Cash-strapped small and midsize businesses (SMB) that find it costly and daunting to provide an effective communications infrastructure may find some relief in the form of unified communications (UC), which promise to simplify network management and provide a cheaper option.
According to Shivanu Shukla, industry manager for Frost & Sullivan, when it comes to communications infrastructures, some key challenges SMBs face are price, complexity, and ease of administration and use.
"Since many SMBs do not have large internal IT teams, managing and maintaining the infrastructure is a major challenge," Shukla said in an e-mail interview.
2. Look ahead: Include your future communications needs two years on, for example, conferencing tools and contact center.
3. Management: Decide if the new communications infrastructure will be managed onsite, or by a partner or service provider.
4. Compare: Evaluate different offerings with your service/product partner to decide which options will cover your present and future communications needs.
5. Decide: Choose services/tools providers that fulfill your company's present and future needs, plus that give strong customer support.
Nicolas Domeyko, Asia-Pacific business development director for Tandberg, noted that although SMBs may see price as a barrier to deploying UC, "which is often seen as an expensive exercise reserved for larger-sized companies", there is an array of UC technologies available at cheaper prices for cost-conscious SMBs.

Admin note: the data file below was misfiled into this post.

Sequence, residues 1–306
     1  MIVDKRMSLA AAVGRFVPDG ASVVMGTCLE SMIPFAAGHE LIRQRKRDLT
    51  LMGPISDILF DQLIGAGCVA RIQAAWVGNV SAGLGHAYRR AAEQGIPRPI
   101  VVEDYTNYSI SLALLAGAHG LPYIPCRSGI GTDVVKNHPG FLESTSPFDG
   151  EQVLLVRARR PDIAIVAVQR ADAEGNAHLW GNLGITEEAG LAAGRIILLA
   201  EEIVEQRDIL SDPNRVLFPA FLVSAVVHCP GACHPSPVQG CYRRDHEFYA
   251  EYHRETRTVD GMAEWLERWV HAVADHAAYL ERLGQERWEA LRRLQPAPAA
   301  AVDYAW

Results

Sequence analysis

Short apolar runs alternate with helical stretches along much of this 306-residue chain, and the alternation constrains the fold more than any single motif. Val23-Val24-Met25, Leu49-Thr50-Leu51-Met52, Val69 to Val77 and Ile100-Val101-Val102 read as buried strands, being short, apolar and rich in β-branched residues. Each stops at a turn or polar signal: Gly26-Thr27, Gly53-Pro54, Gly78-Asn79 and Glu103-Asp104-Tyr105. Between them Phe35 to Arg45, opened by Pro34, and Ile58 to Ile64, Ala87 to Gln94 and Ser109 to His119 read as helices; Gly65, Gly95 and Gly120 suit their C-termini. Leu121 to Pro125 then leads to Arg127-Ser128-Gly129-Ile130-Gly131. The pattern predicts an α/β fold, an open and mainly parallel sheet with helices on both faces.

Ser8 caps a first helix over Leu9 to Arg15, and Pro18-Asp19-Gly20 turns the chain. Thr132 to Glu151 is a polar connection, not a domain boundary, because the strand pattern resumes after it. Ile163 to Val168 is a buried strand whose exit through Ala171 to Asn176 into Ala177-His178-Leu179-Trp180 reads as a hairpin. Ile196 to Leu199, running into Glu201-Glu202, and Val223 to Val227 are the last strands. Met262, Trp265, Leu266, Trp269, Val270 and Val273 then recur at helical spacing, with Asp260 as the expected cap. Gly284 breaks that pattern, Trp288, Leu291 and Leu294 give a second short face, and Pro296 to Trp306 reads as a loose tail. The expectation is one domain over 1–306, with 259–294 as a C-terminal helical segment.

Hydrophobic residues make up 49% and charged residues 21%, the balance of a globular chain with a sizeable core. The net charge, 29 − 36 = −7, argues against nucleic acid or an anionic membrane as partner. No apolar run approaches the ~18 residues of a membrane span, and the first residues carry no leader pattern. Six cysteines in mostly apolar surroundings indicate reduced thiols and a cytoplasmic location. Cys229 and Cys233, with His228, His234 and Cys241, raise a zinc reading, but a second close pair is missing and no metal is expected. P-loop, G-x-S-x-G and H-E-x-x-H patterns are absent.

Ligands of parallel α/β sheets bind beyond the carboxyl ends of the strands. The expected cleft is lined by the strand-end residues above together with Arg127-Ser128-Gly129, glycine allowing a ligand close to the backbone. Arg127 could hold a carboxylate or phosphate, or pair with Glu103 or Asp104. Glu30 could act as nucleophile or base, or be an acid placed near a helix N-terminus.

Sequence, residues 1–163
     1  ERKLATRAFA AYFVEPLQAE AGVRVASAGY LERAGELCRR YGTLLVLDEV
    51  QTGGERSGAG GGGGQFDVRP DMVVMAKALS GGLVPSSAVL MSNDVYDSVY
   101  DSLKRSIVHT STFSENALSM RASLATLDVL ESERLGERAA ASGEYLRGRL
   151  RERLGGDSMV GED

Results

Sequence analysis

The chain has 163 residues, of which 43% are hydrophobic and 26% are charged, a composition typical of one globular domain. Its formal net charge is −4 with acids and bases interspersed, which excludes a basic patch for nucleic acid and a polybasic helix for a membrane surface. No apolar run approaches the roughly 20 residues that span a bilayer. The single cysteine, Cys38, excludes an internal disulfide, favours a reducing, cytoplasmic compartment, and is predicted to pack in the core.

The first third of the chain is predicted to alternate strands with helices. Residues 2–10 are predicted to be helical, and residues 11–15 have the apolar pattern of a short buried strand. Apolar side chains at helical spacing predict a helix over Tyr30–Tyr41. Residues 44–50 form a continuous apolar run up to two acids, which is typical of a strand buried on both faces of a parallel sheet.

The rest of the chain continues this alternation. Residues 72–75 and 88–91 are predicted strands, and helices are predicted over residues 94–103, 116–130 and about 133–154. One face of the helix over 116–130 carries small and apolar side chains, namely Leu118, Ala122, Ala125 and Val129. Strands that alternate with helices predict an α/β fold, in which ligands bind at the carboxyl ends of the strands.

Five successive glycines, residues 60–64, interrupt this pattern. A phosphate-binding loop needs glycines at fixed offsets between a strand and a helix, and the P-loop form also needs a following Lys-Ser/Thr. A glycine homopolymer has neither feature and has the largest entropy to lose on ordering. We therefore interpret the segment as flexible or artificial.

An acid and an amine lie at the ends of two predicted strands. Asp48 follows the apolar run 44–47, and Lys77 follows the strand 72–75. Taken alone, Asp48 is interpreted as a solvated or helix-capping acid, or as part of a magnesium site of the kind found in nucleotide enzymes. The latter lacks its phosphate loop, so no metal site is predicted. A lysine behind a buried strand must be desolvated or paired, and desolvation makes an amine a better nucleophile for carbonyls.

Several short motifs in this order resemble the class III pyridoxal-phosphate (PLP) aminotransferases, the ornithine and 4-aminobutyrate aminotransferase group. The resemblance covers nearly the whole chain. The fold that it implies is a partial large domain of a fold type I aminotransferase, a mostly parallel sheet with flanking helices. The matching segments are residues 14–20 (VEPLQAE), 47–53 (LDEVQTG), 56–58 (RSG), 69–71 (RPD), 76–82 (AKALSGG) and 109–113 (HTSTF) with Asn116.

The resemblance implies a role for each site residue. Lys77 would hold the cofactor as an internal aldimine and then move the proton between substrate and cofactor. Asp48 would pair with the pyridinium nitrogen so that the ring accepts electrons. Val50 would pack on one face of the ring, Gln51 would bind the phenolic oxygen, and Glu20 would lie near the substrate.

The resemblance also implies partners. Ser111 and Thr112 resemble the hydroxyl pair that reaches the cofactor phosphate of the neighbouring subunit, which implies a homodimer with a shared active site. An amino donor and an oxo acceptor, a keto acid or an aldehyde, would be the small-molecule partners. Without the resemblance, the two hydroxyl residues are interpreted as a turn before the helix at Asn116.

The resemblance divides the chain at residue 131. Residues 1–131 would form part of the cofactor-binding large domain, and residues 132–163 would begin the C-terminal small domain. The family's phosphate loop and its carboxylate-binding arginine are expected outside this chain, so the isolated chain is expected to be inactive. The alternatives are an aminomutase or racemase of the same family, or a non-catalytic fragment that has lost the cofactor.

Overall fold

Citing a recent survey, Claudio Castelli, senior analyst at Ovum, said cost savings, improved staff collaboration and productivity, were reasons cited by SMBs as most important for moving to UC.
Task in hand
Shukla said the resultant collaboration and mobility capabilities from UC use help SMBs reduce costs, while raising their productivity and agility through applications such as instant messaging and Web conferencing, which are seeing increased use among SMBs.
Domeyko said UC can enable staff across multiple platforms and geographies to communicate more efficiently. With today's mobile workforce, it is essential that employees have access to real-time communication technologies, he added.
UC not only allows team members to participate in more meetings through the day via videoconferencing, employees can also access their business-critical applications and information from where they are during these sessions, he said.
Returns on investments (ROI) can be significant when UC is integrated into business processes. Domeyko said: "Each time you replace a practice with video communication, you gain the opportunity to measure your ROI."
Also, particularly when video telephony is involved, he said UC enhances an SMB's green efforts.
"In conjunction with new corporate initiatives to limit business travel, there has been an increase in initiatives directed at corporate social responsibility and decreasing carbon footprints," he said. "Thus, videoconferencing can have the dual benefit of providing travel savings and green IT compliance for organizations."